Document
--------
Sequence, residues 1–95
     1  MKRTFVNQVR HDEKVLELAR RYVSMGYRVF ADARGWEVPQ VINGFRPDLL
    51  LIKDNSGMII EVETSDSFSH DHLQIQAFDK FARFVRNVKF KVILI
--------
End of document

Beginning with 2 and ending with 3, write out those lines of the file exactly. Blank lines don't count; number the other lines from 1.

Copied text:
     1  MKRTFVNQVR HDEKVLELAR RYVSMGYRVF ADARGWEVPQ VINGFRPDLL
    51  LIKDNSGMII EVETSDSFSH DHLQIQAFDK FARFVRNVKF KVILI